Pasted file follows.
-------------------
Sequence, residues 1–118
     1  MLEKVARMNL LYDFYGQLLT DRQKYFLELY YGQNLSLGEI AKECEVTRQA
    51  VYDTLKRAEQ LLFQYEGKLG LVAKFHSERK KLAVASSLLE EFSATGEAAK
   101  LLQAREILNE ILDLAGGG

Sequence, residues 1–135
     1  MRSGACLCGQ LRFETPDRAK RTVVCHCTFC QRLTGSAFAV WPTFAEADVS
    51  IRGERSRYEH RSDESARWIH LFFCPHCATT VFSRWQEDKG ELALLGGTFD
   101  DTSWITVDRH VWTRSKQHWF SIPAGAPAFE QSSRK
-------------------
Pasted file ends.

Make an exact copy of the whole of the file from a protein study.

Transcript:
Sequence, residues 1–118
     1  MLEKVARMNL LYDFYGQLLT DRQKYFLELY YGQNLSLGEI AKECEVTRQA
    51  VYDTLKRAEQ LLFQYEGKLG LVAKFHSERK KLAVASSLLE EFSATGEAAK
   101  LLQAREILNE ILDLAGGG

Sequence, residues 1–135
     1  MRSGACLCGQ LRFETPDRAK RTVVCHCTFC QRLTGSAFAV WPTFAEADVS
    51  IRGERSRYEH RSDESARWIH LFFCPHCATT VFSRWQEDKG ELALLGGTFD
   101  DTSWITVDRH VWTRSKQHWF SIPAGAPAFE QSSRK